But Tipton did have an opportunity to put his stamp on Lynch's "After the Fall." At Comic-Con the year before, Lynch invited the veteran "Angel" writer to contribute to one of the "After the Fall" storylines. The first issue of "After the Fall" did not pick up exactly where "Not Fade Away" left off: Lynch dropped us into the new status quo of the Hell-exiled Los Angeles. But fans were eventually made privy to the immediate aftermath of that fateful battle in the alleyway in a story called "First Night," and when Lynch invited Tipton to co-script the "First Night" story, Tipton jumped at the chance.
"The fact that he invited me in to play in that, I was really happy with that," Tipton said. "When we talked about it at Comic-Con, I hadn't realized how important that story was going to be to his whole thing."
Mooney just completed a stint on "After the Fall," filling in for regular artist Franco Urru. Mooney's last issue was #14, and the artist admitted that once Urru returned, he no longer had access to the scripts for the rest of the story arc.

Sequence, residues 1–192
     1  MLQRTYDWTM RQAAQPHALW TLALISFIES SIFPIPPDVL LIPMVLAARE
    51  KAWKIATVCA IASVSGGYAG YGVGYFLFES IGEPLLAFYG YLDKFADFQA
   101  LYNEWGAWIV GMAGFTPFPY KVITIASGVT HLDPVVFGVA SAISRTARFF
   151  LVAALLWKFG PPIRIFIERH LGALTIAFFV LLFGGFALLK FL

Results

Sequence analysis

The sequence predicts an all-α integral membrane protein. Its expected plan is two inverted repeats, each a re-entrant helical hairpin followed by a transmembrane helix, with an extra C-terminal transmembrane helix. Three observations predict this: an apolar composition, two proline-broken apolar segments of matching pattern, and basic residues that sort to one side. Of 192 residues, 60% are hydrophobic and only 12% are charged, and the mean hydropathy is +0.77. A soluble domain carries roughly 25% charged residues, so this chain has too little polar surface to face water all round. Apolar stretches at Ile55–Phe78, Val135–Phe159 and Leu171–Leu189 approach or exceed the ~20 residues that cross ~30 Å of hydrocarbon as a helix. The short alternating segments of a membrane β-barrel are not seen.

"You're stuck in the audience now!" Tipton exclaimed with a laugh.
"I'm totally left out of the loop now, I don't even talk to Lynch anymore," Mooney said with mock bitterness. But in all earnestness, Mooney admitted to being a big fan of Lynch's work on "After the Fall." And Mooney was just as complimentary about Urru's contribution to the project. "I absolutely love [Urru's] stuff. There are people on message boards talking about me drawing issues he should be drawing, and I'm like, 'You're right!'"
After working on Angel projects for so long, Mooney is becoming an old hand at representing Joss Whedon's characters on the comics page. "I'm getting to the point where I can draw them fairly easily from the top of my head, which is nice, took me a long time to get there." Mooney's lost count of the number of female fans who have asked him to draw Spike sketches at comic conventions. And as much as Mooney enjoys the "Angel" adaptations, what he's really hoping to get the opportunity to work on more original Angel stories.
The first of three "Smile Time" issues hits stands on December 24, and "Not Fade Away" #1 of 3 is currently slated for release some time in April, 2009.